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To prime or not to prime

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  • To prime or not to prime

    Looking for opinions regarding priming the flaps and ailerons. It might be possible to get access to the interior of the structures to fog in some corrosion proofing after covering through the end ribs. No primer means less weight to balance out on the ailerons. I've been spraying primer on endless wing parts for the last week and am completely burned out. Stits epoxy primer is bad news even spraying it outside with all the safety gear. Glad I did it but I can't recommend it. I'll suck it up and prime them if most who respond feel its for the best but the corrosion proofing worked good on my Cessna. It had no primer on the interior of the wings whatsoever. What about just priming the fay surfaces? My outdoor priming days are over in Seattle for this year, today was it, the rain starts tomorrow. Thanks in advance for any insight. Also my wing steel needs corrosion proofing. Powdercoat or primer?
    Cheers
    Gerry
    Patrol #30

  • #2
    Wing steel - primer and top coat. If you are corrosion proofing the rest of your wings - it would seem that doing something on the ailerons/flaps would be good idea. As I recall - you are up near Seattle in sea/salty air. More reason to protect for the long term. Mark

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    • #3
      I like this 2 part epoxy primer for the priming. Easy to use. Use a respirator mask in a well retaliated area.
      https://www.spraymax.com/en-us/produ...poxy-primer-1/
      Brooks Cone
      Southeast Michigan
      Patrol #303, Kit build

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      • #4
        Hi Guys,

        I've got a follow up question - my wings are already primed from factory, but does everyone spray corrosion preventive compound (so-sure, CRC 3-36, LPS2, etc) inside their wings? It'll mean everything sticks to the surface, and adds a bit of weight, and run out all the little gaps around the inspection panels.

        To be honest, I've got no idea, because I only work on helicopters, and we spray that stuff everywhere. And it runs out everywhere.

        I won't be parking my plane next to the sea every day, but I do plan on the odd beach landing :-)

        Thanks,

        James

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        • #5
          I would say no. The factory process should be adequate. Boeing added an additional spray on protective coating on the sidewalls and bilge structure of the body sections below the floor beams because galleys and lavs leak. Also many airlines particularly in Africa carry livestock in the cargo hold. Animal urine will rot out the bottom of an airplane no matter how you protect it.
          Gerry
          Patrol #30

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          • #6
            Well then, we'll need another warning placard on the instrument panel:

            "NO LIVESTOCK TO BE CARRIED IN THIS AIRCRAFT."

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            • #7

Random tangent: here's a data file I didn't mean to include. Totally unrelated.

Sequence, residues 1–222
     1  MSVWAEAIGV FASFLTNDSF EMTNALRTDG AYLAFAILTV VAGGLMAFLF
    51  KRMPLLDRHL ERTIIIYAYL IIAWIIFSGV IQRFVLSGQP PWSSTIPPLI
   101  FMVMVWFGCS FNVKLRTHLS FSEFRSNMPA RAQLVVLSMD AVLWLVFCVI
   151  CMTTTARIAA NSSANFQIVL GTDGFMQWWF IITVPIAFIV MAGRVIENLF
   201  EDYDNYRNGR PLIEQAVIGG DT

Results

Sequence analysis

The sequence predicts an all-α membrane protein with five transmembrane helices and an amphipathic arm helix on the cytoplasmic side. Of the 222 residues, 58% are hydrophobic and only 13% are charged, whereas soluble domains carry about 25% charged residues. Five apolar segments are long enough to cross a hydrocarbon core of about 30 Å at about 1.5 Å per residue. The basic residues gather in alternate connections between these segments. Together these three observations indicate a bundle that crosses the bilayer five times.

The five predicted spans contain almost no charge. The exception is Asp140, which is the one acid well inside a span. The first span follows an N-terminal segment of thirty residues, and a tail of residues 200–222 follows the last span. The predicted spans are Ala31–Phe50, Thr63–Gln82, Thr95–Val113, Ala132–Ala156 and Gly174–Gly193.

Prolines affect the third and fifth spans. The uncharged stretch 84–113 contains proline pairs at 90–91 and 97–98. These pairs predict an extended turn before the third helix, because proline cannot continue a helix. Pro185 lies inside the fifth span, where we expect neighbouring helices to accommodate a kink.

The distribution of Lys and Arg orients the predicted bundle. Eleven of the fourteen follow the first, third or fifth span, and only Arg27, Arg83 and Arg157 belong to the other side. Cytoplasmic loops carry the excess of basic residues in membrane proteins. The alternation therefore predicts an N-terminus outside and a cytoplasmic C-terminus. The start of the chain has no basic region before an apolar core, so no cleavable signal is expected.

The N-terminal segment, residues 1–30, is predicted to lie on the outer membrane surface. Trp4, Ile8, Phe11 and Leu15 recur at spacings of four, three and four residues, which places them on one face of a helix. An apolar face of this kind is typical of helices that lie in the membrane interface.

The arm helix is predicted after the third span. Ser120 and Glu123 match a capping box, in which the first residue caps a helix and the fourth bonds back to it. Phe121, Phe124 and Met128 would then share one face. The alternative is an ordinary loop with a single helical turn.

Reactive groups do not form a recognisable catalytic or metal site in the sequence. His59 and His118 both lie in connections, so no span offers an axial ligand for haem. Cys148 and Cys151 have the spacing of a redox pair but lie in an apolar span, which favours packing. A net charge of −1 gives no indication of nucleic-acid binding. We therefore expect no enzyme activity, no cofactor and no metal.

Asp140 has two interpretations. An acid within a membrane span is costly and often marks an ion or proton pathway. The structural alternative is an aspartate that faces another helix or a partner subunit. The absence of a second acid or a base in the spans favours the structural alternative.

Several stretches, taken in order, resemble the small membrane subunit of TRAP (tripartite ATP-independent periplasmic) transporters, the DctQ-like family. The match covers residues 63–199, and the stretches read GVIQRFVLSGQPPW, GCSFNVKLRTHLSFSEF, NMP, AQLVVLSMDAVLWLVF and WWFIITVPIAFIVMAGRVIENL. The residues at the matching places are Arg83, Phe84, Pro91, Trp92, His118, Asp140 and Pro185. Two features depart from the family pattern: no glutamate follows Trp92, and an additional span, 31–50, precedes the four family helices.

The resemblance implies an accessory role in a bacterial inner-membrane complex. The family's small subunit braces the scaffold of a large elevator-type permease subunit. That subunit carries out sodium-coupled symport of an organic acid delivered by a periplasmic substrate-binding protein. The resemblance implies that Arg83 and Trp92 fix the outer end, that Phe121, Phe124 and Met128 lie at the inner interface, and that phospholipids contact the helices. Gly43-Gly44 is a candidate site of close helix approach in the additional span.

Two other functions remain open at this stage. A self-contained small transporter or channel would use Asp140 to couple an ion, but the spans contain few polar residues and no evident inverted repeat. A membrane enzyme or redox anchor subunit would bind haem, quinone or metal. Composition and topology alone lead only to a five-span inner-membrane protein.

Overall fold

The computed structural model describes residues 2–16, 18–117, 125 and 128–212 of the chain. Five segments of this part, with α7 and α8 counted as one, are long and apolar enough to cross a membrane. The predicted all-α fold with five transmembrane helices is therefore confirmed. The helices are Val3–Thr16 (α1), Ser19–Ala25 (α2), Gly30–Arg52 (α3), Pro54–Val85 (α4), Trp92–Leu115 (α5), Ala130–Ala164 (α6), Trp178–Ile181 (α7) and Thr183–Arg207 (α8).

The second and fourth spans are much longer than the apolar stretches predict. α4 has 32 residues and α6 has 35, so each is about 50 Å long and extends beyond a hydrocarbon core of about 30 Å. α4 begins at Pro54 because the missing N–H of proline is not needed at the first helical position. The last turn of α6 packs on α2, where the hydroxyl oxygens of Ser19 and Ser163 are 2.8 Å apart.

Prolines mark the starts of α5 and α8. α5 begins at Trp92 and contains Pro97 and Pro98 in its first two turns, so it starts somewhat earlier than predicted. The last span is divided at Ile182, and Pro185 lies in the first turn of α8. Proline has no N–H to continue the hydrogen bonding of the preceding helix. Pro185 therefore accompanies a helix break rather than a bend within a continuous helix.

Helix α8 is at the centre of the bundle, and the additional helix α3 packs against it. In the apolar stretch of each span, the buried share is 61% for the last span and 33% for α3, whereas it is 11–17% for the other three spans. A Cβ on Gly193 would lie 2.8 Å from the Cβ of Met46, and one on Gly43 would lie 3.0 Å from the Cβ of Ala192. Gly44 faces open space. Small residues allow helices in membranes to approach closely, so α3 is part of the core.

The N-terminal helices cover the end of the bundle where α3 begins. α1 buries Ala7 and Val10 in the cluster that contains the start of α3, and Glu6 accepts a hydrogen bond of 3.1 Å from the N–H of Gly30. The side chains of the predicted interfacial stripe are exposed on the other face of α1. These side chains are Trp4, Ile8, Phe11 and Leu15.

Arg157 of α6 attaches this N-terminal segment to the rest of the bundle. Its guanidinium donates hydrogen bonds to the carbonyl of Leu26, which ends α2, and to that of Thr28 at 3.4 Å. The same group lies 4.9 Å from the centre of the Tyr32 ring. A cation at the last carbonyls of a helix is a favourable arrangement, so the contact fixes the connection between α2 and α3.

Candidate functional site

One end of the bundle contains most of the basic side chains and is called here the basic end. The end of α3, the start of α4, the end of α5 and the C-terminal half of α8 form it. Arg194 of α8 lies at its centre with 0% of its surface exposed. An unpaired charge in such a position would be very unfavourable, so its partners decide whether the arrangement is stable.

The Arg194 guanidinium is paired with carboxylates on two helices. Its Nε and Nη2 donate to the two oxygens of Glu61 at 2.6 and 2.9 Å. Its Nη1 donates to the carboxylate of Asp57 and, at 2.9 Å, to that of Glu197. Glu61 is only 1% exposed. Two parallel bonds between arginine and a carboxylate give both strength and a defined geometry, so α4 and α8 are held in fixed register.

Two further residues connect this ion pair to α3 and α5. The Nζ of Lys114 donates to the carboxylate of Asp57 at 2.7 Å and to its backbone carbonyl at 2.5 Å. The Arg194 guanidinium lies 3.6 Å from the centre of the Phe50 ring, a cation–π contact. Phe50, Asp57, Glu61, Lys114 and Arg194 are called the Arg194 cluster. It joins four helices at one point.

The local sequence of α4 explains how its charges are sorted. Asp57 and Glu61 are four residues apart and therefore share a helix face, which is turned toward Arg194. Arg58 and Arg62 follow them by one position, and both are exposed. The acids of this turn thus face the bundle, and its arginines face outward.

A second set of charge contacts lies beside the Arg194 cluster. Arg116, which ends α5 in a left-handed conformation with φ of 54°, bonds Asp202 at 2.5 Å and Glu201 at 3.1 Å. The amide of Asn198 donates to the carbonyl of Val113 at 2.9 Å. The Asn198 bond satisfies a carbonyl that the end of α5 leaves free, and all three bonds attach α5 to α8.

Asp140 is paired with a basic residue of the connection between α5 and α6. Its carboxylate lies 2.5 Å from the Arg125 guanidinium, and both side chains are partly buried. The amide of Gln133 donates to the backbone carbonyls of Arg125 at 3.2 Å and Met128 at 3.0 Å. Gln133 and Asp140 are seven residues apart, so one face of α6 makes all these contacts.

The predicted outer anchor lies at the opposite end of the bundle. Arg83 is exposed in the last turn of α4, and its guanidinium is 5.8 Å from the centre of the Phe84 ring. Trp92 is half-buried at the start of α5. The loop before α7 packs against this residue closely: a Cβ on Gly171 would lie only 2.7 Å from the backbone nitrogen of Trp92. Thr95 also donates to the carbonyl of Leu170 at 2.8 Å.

Originally posted by James View Post
              Hi Guys,

              I've got a follow up question - my wings are already primed from factory, but does everyone spray corrosion preventive compound (so-sure, CRC 3-36, LPS2, etc) inside their wings? It'll mean everything sticks to the surface, and adds a bit of weight, and run out all the little gaps around the inspection panels.

              To be honest, I've got no idea, because I only work on helicopters, and we spray that stuff everywhere. And it runs out everywhere.

              I won't be parking my plane next to the sea every day, but I do plan on the odd beach landing :-)

              Thanks,

              James
              If the environment you live in is anything like Florida, I'd probably start using ACF-50(or your anti corrosion of choice) at the first annual. I don't trust a Florida plane that isn't pissing that stuff out everywhere.

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              • #8
                When I called Bob... I asked him about priming on his Bearhawk prototype... he only primed the spars.. we didn’t get into more then that on that topic....as Mark mentioned above the wing steel should be primed and then location considerations
                Last edited by way_up_north; 10-24-2019, 12:01 PM.

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                • #9
                  For what its worth, I was able to finish priming the rest of my spar parts when the weather unexpectedly cooperated with warm temps and moderate humidity. I have used an airbrush throughout and am pleased with the results. I got good coverage without the coating being too thick. In total I used about 80% of a quart of Polyfiber EP 420/430 epoxy primer to paint the 250 or so spar parts which includes the rib attach angles. I also used about 1 and 1/2 quarts of Alumiprep 33 and about 2 qts of Alodyne 1201. I probably threw away about 25 percent of the primer I mixed because I primed in stages, 20 to 50 parts at a time depending on part size. It was hard for me to estimate how much to mix and I always mixed too much. I got a lot better as I progressed. I used new Alumiprep and Alodyne for each session. On the subject of airbrushes, stay away fron Paasche, I bought it because it was expensive and I thought more expensive means better. Its like keeping a Fiat running. When its on its great, but its a lot of work. I'm really happy with the results but it was more work then it should have been. Look at Badger. For me, a detail size gun would have been too much for the multitude of small parts and I probably would have wasted even more expensive paint.
                  Gerry
                  Patrol #30

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